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Banking Interpretations

NYSBL 96(1)
              200

New York State Banking Department
Memorandum

To: Examiner Nosikovsky FWBD
From: Rosanne Notaro - Legal Division
Date: August 15, 2008
Subject: [---] – Notice of Intention to Commence Property Derivatives Activities
   

Issue:

Is there any legal objection to the proposal by [---] (the "Bank") to commence property derivatives activities, using the Bank's New York branch ("Branch") personnel to market, structure, trade and risk-manage such property derivatives contracts.

Recommendation:

We have no objections on legal grounds to the activities being conducted by the Branch under the conditions described in the Bank's submissions. The analysis of the proposed activity is relatively simple from the perspective of whether such activities are legally permitted "powers" of the Branch since the Branch proposes only to act as agent for the Bank's London branch in entering the property derivatives transactions. The fact that the transactions will not be booked in the Branch avoids questions such as whether the Branch will be owning impermissible property-related assets.

Background and Reasoning:

By letter dated April 3, 2008 as supplemented by letter dated June 25, 2008, the Bank advised the Department that it intends to commence certain property derivatives trading activities through the Branch. In accordance with the Department's guidance in AEM 2006-10, the Bank sought the Department's concurrence that the proposed activities are permissible for the Branch from a legal perspective, and if so, that the Department has no objections on safety and soundness grounds to the Branch engaging in the activities. This memo addresses only the legal issues.1

According to the Bank's letters, the Branch would market, structure, trade and risk manage customer driven, non-proprietary cash-settled derivatives transactions based on property indices (the "Transactions"). While the Transactions would be marketed, structured and risk-managed by personnel of the Branch, the Transactions would be entered into (booked) by the Bank's London branch. Accordingly, the present proposal does NOT raise the question whether a NY-licensed foreign branch could engage in the proposed activities as principal, since the Branch only proposes to act as agent.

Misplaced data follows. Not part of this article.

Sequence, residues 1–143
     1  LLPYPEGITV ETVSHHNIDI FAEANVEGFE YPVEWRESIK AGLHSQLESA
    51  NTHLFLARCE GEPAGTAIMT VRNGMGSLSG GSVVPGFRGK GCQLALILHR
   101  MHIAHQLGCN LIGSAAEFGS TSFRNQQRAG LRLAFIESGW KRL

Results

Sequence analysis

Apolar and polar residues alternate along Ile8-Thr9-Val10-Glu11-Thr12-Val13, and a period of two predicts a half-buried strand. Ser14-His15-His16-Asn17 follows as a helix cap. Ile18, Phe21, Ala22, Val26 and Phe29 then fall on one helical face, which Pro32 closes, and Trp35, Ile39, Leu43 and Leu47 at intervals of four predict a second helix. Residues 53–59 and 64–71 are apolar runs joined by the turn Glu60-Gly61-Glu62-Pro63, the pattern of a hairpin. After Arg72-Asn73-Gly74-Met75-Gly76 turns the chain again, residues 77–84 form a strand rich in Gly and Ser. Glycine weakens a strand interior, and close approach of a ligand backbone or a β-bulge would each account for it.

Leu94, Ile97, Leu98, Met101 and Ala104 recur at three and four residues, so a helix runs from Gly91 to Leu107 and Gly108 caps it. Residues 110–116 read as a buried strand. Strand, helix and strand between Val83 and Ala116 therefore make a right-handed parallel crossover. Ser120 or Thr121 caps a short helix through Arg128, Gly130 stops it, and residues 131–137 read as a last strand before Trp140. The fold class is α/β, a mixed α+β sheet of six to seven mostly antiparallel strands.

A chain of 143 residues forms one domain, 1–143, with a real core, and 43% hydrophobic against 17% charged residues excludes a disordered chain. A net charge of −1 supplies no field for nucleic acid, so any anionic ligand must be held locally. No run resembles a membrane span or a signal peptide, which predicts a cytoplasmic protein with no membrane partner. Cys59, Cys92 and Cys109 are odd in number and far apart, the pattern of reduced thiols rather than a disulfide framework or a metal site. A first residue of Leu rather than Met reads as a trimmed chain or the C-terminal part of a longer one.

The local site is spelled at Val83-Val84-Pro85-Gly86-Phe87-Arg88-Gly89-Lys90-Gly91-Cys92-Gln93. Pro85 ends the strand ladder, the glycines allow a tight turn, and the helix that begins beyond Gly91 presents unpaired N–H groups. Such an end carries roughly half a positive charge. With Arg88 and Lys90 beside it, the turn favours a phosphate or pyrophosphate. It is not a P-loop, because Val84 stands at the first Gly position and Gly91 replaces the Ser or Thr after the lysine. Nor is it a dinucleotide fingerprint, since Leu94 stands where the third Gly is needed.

The proposed Transactions would be customer-driven, non-proprietary, cash-settled swaps, forwards, caps, floors and options referencing property indices. The Bank's letters listed several indices that will serve as reference indices, and indicated that in the future, other indices may also be used as reference indices. The legal analysis does not depend on which property indices are used. The Bank stated that it will offer the Transactions to its institutional customers, including affiliates of the Bank. The customer base will not include retail customers. The Bank explained that the Transactions are attractive to customers as a means of managing financial risks associated with real estate or related payment obligations and meeting other financial needs. By stating that the Bank will enter Transactions only as part of a "customer­driven" business, the Bank is representing that the activity is being performed as a financial intermediation business, and not a proprietary trading business, and that it is driven by customer business purposes. The Bank cites the Department's April 25, 2003 letter (the "Equity Derivatives Letter"), which permitted "customer-driven" equity derivatives activities and defined the phrase "customer-driven" to mean "entered into with independent third-party customers" for legitimate customer business purposes such as reducing the customers’ exposures to various risks." Another requirement in the Equity Derivatives Letter was that the equity derivatives transactions be conducted as a means of financial intermediation. This requirement helps to establish the legal permissibility of the activities, since financial intermediation is a fundamental banking activity, and generally for activities consisting of trading non-financial-based instruments activities to be found to be permissible for banks or foreign bank branches in the U.S., such activities must be found to be part of the business of banking. We note that the Bank represents that the trading of property derivatives will be conducted as a form of financial intermediation.